EYFS

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At Kippax Greenfield Primary School, our vision is to nurture children’s natural enthusiasm to learn in a safe, caring and stimulating environment where they can become inquirers. By understanding what our children already know, we inspire learning through excellent play opportunities and a passion for bringing a rich and varied curriculum to life. Every child is unique and should be treated so, allowing them the opportunity to develop and learn. Thoughtfully planned learning opportunities aim to lead the children towards self-motivation and challenge, resilience, open mindedness and reflection. We are committed to working in partnership with parents and carers in order to give our children the best possible start to their school life. In demonstrating care, respect for others and for themselves, the children will develop an attitude that will ensure their well-being now and success in the future.

Every child deserves the best possible start in life and the support that enables them to fulfil their potential. Children develop quickly in the early years and a child’s experiences between birth and age five have a major impact on their future life chances. A secure, safe and happy childhood is important in its own right. Good parenting and high quality early learning together provide the foundation children need to make the most of their abilities and talents as they grow up. (‘The Statutory Framework for the Early Years Foundation Stage.’ DfE March 2014).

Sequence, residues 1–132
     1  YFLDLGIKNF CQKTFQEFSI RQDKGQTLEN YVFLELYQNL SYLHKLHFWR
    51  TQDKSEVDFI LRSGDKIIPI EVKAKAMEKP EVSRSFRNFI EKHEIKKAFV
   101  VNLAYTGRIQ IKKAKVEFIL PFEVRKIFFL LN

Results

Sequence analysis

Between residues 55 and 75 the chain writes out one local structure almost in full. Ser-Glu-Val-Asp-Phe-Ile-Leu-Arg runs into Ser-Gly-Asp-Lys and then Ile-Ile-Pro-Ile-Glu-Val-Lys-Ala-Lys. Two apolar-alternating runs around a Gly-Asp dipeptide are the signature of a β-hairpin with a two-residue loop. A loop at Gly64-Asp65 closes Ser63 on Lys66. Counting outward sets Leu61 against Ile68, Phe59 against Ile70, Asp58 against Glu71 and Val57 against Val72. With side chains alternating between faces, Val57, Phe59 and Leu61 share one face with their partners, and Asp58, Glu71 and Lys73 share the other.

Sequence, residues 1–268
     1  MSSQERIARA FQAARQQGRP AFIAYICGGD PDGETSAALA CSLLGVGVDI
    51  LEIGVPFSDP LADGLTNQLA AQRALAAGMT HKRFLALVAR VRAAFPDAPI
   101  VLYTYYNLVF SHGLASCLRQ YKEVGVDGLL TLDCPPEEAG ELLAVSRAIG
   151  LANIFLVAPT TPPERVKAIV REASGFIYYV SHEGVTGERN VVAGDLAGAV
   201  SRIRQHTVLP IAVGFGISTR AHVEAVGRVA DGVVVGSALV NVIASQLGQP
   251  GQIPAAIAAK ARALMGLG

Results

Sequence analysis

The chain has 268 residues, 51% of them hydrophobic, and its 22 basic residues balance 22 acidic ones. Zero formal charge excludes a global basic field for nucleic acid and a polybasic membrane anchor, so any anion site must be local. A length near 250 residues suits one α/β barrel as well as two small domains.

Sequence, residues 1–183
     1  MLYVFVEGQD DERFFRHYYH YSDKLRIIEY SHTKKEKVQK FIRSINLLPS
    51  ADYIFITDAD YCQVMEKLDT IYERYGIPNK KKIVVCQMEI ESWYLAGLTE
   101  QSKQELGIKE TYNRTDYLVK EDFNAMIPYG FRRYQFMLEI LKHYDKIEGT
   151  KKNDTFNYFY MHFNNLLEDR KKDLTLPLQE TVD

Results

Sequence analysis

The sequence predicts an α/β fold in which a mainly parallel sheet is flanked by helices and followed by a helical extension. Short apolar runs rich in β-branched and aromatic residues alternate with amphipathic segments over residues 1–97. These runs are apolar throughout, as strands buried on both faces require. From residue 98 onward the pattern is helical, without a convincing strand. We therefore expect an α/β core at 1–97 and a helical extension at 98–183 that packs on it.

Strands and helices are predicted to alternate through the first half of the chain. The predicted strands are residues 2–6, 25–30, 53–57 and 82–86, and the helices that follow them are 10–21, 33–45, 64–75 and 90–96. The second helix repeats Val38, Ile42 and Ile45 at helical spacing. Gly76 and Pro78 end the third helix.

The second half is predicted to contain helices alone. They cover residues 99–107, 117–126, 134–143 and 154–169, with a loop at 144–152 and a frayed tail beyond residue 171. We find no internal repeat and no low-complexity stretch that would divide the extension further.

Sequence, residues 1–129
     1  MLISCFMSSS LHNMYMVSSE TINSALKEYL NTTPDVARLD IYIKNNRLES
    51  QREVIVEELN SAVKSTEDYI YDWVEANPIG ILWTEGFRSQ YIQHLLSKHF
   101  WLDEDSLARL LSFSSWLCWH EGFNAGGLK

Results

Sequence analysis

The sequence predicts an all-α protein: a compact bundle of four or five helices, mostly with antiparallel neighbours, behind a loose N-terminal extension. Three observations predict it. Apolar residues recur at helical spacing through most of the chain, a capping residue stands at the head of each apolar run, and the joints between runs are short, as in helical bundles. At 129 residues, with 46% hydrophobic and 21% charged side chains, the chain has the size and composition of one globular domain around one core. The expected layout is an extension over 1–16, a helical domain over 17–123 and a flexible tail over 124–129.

The Early Years Foundation Stage (EYFS) applies to children from birth to the end of the Reception year. In our school all children join us on a short, phased introduction at the beginning of the school year in which they are five.

The EYFS is based upon four principles:

  • every child is a unique child, who is constantly learning and can be resilient, capable, confident and self-assured;
  • children learn to be strong and independent through positive relationships;
  • children learn and develop well in enabling environments, in which their experiences respond to their individual needs and there is a strong partnership between practitioners and parents and/or carers;
  • children develop and learn in different ways and at different rates.
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